An online survey which ran for three weeks during February and March received 227 responses, and examined how people booked GP appointments, appointment types offered and any accessibility issues faced.
Their report found that 90 per cent of patients reported being offered a telephone appointment, and face to face appointments “are still not the norm, despite restrictions easing and people expecting GP practices to return to pre-pandemic ways of working”.
“We had responses from the deaf community, who state that telephone appointments are physically impossible for them as they cannot hear and rely on seeing a face to communicate effectively.
“Additionally, those who are hard of hearing have found that there are a lack of BSL (British Sign Language) interpreters and a general lack of resources to support them at GP surgeries.”
The report found that 48 per cent of respondents are either “dissatisfied” or “very dissatisfied” with the choice of appointment offered to them – 90 per cent of respondents said they would prefer a face to face appointment.
“People are happy with a telephone appointment for something minor but many would appreciate a face to face appointment if they require a physical examination as this is more reassuring for them,” adds the report.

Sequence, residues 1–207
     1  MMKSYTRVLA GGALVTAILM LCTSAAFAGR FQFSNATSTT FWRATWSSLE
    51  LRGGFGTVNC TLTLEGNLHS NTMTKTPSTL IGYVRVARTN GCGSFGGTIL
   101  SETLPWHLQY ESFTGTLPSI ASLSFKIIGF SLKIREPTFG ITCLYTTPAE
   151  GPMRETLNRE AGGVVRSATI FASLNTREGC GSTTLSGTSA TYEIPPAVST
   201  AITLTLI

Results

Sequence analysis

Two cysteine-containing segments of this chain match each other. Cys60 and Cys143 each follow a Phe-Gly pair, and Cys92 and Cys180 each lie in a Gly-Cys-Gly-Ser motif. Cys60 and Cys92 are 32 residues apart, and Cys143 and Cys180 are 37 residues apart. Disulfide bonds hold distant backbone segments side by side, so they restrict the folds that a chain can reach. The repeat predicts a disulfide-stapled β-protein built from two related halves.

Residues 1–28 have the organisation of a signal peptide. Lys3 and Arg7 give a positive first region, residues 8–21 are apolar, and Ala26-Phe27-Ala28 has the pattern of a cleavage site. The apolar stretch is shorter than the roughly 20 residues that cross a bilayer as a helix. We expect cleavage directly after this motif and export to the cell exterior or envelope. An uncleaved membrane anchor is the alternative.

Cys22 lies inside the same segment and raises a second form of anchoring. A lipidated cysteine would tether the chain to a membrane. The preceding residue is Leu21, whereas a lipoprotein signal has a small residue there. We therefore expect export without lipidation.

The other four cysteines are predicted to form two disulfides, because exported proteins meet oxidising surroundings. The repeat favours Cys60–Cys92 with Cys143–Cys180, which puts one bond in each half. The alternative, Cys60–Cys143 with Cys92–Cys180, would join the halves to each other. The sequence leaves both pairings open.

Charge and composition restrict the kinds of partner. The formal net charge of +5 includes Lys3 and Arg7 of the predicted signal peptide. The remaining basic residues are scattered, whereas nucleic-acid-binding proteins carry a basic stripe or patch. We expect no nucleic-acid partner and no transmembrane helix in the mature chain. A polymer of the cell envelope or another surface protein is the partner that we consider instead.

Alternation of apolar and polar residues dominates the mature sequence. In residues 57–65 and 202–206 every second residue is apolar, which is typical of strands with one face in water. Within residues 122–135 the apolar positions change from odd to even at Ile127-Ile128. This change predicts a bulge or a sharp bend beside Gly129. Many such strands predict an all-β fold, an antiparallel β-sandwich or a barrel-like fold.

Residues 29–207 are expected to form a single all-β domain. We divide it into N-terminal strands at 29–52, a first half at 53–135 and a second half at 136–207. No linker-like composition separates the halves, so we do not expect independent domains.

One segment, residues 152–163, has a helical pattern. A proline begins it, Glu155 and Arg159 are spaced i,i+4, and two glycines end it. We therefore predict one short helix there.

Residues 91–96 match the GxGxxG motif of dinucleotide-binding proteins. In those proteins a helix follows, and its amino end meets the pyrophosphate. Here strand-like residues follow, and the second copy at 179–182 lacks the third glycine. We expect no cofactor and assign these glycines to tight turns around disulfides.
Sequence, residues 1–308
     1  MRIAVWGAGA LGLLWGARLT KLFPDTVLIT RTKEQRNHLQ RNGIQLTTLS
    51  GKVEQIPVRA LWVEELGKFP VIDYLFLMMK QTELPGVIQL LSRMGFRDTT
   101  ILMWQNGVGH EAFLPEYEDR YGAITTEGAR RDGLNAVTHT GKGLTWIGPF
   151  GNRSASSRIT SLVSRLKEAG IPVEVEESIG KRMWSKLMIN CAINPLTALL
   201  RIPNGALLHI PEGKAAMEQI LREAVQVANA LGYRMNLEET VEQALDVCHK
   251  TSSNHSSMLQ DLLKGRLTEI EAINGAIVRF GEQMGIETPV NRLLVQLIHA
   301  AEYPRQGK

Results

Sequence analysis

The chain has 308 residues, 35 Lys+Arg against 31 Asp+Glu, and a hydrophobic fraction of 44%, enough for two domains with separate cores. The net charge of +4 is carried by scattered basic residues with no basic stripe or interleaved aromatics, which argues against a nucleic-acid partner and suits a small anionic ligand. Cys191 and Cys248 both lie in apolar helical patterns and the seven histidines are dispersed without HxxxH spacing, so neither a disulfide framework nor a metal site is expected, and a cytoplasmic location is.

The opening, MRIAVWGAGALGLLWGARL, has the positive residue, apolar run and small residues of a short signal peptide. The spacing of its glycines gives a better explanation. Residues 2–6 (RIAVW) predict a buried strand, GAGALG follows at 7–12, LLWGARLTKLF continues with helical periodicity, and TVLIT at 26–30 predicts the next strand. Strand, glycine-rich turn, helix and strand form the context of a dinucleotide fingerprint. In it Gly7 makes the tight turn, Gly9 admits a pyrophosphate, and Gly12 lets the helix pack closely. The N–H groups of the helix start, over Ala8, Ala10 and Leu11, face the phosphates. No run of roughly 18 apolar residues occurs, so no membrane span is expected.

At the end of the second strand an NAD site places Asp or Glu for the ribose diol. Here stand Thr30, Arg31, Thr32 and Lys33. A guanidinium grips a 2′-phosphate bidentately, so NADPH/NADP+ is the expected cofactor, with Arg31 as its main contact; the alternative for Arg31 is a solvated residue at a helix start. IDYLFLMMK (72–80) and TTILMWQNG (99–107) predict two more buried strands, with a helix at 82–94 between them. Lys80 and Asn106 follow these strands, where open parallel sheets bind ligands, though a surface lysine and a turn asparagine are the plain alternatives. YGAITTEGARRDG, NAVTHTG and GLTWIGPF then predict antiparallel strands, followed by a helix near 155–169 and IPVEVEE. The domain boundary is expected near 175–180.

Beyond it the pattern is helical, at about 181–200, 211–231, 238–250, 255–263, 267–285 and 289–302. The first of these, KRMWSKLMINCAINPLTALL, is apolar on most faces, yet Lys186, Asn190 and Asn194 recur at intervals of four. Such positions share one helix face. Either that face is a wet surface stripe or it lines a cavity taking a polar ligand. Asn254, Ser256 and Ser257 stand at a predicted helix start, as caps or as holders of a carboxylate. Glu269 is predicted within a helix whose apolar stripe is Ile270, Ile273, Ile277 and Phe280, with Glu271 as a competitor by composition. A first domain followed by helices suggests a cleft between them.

One respondent said they had been trying to get an appointment since Christmas at the time of the survey, and one added: “Phone at surgery is cut off before you get through, even if you have been waiting in a queue for over 10 minutes.”
Another responded raised accessibility issues, stating: “Being deaf and having to book via telephone is not accessible or acceptable when I cannot get an appointment online.
“In the surgery where masks are worn, I cannot hear my name being shouted – I have almost missed the appointments because of this, despite telling reception that I’d like my name on the display board.”
The report concludes that: “people want more flexibility and choice of how they access medical appointments.
“Large numbers of respondents wanted a letter or an automated telephone message on the practice’s telephone system to keep them updated of service change.”
Healthwatch makes a number of recommendations in the report, including more flexibility with appointment times and providing interpreters and face to face appointments for hard of hearing patients.
A spokesperson for NHS Rotherham CCG, said: “We welcome the Healthwatch report on access to GP practices in Rotherham and thank the 227 residents for their feedback.
“GP practices are exceptionally busy with high levels of demand for appointments as they continue to tackle the backlog from the Covid pandemic.
“It is acknowledged that this, alongside workforce capacity due to Covid, has had an impact on some patients trying to access appointments.
“Currently, over 65 per cent of appointments across all GP practices in Rotherham are face-to-face, with some appointments undertaken via telephone or video call where clinically appropriate.
“We are continually working with practices to help patients see the most appropriate clinician for their health need, which includes some improvements in areas highlighted within the report.”